The air cools. Darkness invades the start of morning and the end of afternoon. After rainfall, the earth stays moist for days on end. We are once again vacuuming up fir needles in the house, because the damp needles cling to our damp shoes.
And a little extra spark of anticipation comes with me on trips to the grocery store, because it is the season for Concord grapes.
Pushing my cart, I scan the produce section for the special plastic clam-shell containers that will hold the dark grapes. It’s a short season, only a few weeks long. Easily missed.
The produce manager does not always display Concords alongside the ubiquitous green, red, and black seedless grapes that we eat year round. I suspect the smaller, seeded grapes present shelf-life problems. They are vulnerable to a white mold that clings to the base of the purple globe like sticky spider web.
So, autumnal week by week, I search the refrigerated bins that surround the produce section. Labor Day fades to a distant memory, and still no Concords.
Maybe I missed them this year; maybe they came and went before I remembered to look. Disappointed, I buy seedless red grapes. Again.
Here’s what I like about eating Concords:
- The thick skin’s resistance, so that my teeth sometimes slide over the surface before finding purchase and digging in.
- The slippery dense meat, rich with flavor that connects me back to my Ohio youth, back to summer visits to our Westerville cousins who had a grape arbor and a pie cherry tree in their back yard. Remembering the spiders that lived in the grape arbor.
- The work and attention it takes for my tongue and teeth to separate the sweet meat from the bitter seeds. You don’t get the full pleasure of eating a Concord grape without paying attention. The rewards for paying attention while eating a Concord grape are great.
Then one late-October afternoon, there beside the bags of green, red, and black grapes, I spy a cluster of rectangular clamshells containing smaller, darker grapes. Could it be?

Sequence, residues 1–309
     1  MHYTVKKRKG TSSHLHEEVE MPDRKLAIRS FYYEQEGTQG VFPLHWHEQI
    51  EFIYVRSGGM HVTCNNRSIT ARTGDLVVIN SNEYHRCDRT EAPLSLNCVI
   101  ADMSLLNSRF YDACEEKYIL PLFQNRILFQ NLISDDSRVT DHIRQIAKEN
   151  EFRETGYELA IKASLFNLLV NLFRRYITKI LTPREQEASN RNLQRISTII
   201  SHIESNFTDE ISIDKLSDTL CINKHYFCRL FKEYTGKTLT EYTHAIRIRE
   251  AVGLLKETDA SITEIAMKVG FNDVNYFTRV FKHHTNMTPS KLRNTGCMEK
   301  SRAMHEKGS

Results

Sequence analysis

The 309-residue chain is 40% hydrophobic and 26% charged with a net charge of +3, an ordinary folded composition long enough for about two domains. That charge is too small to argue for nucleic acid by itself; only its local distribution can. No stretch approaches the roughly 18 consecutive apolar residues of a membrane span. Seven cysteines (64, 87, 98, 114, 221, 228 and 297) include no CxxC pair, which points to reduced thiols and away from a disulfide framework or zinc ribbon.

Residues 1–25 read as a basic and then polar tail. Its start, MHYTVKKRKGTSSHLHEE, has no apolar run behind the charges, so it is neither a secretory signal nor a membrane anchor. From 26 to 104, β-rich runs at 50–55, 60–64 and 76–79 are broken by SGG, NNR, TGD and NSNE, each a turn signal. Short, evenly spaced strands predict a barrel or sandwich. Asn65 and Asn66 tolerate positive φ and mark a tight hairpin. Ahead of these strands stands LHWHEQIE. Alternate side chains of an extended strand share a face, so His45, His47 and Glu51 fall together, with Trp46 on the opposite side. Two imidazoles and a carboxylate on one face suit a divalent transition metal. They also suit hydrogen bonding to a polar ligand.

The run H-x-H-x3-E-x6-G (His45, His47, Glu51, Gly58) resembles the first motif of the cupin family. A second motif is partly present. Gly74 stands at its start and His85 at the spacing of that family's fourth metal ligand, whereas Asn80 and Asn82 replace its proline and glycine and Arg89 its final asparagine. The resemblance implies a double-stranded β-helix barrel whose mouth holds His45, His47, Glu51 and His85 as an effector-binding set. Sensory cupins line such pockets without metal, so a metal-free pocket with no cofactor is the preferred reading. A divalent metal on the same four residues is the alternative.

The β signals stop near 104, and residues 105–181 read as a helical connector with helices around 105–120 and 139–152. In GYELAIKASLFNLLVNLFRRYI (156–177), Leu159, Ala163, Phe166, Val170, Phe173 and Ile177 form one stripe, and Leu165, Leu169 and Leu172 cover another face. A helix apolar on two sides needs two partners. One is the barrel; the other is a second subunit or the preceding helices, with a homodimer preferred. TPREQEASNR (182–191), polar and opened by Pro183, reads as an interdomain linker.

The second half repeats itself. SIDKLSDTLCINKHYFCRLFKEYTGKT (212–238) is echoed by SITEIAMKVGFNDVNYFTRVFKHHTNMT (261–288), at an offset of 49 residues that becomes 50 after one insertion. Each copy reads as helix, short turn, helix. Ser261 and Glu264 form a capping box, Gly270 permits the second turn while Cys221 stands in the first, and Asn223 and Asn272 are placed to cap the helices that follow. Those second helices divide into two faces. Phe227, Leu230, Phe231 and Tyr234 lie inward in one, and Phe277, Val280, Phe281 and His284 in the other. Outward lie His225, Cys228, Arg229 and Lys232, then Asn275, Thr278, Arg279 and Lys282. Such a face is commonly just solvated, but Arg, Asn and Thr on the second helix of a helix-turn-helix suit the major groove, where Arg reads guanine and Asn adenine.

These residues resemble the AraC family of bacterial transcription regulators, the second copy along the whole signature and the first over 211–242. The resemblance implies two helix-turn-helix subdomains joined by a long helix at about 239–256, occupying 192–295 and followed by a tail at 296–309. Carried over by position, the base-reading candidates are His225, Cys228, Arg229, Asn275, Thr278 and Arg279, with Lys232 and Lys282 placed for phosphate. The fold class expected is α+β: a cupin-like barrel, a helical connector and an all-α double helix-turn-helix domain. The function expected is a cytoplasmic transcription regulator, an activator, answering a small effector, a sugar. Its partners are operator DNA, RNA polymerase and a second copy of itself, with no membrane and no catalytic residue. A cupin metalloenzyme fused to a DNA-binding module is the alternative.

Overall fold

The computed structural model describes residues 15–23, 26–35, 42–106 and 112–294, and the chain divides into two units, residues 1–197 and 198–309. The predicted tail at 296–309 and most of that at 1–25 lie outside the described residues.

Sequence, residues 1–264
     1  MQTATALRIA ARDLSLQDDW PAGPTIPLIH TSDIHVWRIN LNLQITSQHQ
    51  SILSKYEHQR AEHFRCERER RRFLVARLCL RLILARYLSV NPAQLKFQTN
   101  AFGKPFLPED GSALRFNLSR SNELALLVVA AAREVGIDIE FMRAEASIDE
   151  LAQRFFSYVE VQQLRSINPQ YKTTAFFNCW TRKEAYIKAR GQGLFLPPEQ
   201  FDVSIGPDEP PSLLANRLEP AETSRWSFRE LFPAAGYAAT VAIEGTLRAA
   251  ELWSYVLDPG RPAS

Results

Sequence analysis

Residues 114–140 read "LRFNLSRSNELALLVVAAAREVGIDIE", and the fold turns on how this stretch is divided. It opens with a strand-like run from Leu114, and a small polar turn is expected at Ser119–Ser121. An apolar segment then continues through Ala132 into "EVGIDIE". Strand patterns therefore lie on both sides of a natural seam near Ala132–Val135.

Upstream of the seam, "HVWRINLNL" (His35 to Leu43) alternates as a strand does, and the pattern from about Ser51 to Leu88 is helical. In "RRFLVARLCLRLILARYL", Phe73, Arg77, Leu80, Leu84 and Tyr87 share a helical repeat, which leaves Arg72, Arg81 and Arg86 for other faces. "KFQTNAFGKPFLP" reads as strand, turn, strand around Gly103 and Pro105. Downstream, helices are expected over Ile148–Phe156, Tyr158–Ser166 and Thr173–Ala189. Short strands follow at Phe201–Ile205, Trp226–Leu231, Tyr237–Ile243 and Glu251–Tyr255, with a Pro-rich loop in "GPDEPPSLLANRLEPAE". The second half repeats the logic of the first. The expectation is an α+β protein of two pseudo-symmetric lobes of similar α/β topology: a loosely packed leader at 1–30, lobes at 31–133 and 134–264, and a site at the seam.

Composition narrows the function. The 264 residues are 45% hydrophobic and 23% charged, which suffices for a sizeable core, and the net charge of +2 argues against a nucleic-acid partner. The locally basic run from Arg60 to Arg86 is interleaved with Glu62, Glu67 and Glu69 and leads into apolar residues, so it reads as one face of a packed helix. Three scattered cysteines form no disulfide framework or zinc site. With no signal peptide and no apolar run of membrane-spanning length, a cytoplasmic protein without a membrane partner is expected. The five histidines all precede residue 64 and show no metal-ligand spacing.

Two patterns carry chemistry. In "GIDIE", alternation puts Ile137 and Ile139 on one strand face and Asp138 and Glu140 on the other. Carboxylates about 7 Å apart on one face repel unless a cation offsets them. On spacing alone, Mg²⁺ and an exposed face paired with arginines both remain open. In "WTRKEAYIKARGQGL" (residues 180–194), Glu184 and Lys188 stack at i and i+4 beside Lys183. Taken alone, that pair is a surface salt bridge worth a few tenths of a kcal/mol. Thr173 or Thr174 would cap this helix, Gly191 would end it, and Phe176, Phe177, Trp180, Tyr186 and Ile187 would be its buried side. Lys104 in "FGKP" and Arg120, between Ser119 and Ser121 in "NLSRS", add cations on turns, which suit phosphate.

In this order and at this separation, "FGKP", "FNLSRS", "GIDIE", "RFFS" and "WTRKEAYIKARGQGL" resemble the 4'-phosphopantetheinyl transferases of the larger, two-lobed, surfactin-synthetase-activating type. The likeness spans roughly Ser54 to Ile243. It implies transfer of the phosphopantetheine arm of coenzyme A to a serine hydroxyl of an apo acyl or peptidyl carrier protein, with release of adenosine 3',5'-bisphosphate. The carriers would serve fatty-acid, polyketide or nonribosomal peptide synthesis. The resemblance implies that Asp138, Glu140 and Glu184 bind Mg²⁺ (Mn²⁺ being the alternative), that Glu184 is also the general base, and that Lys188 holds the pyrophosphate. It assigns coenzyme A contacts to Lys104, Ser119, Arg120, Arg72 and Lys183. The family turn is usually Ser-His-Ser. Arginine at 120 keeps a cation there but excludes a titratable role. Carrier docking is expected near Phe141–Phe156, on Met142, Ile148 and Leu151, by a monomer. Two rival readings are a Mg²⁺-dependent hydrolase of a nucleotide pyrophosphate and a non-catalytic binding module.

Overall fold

I examine one of the containers. “Organic Thomcord seedless table grapes.” Hmmm. “Rich Concord taste.” Hmmm.
So okay, I take a container home, open it up, and eat a couple of grapes.
Not much skin resistance. The meat not quite so dense as I remember. But yes, a hint of that slippery quality. And the flavor, I recognize the Concord flavor. A little watered down. Not quite the same wild hit. My cousins’ grape arbor and its spiders, those hot summer afternoons, not quite so sharp in memory.
And of course no seeds to deal with. For this tryout I’m paying attention, but I could eat a bunch of these grapes without giving the eating of them a second thought.
Better than nothing. I guess.
Still, it matters to be aware of what’s lost. Tomatoes. Eggs. Chicken. And now, Concord grapes. Bit by bit, item by item, we give up flavor in our food for convenience and price.
I can’t point my finger in blame. Heck, I like my food cheap and easy as much as the next guy. My larder is not pure. I could wax self-righteous about the loss of backyard-tomato flavor, but it feels a little false when I couldn’t even pull it together to grow parsley on my own deck this year.
And still again, I know that all is not lost. I’m not the only one searching the aisles for real food these days—far from it. The topic has gotten a lot of play in the past few years, as you’re probably aware. Family farms, corner markets, and food co-ops are making a comeback, here and elsewhere. The food they produce and sell isn’t as cheap and easy as in one-stop supermarkets, but tasting the difference provides serious motivation for making that extra stop. When you do, check out the local organic carrots. Yum.
So it’s worth saying again, isn’t it? The flavors of abundant life grow out of time, toil, and living earth. Those elements come with a price—and those flavors are good in every sense of the word.
It’s lunchtime, and I’m hungry.
Sending blessings and prayers for tart tomatoes your way,
Margaret, our friend Niko in Greece has chosen to grow most of the vegetables and some of the meat he uses in his restaurant, and by Greek standards he grows organically. He makes one of the best salads I’ve ever eaten, and it’s not a traditional “Greek village salad.” He uses whatever is fresh and has the knack to combine flavors and textures. Add his own, first-press olive oil and the results are just wonderful. He has his own grapes too, but I’m afraid you’d be disappointed. No Concords in sight, and nobody gets to eat most of those grapes anyway. They get made into wine and raki – goes well with the salad!
Thank you, Brad — from your description, I don’t think I’d be disappointed in the product of your friend’s grapes! I do like Concords, but a fresh salad and a glass of homemade wine sounds pretty good too.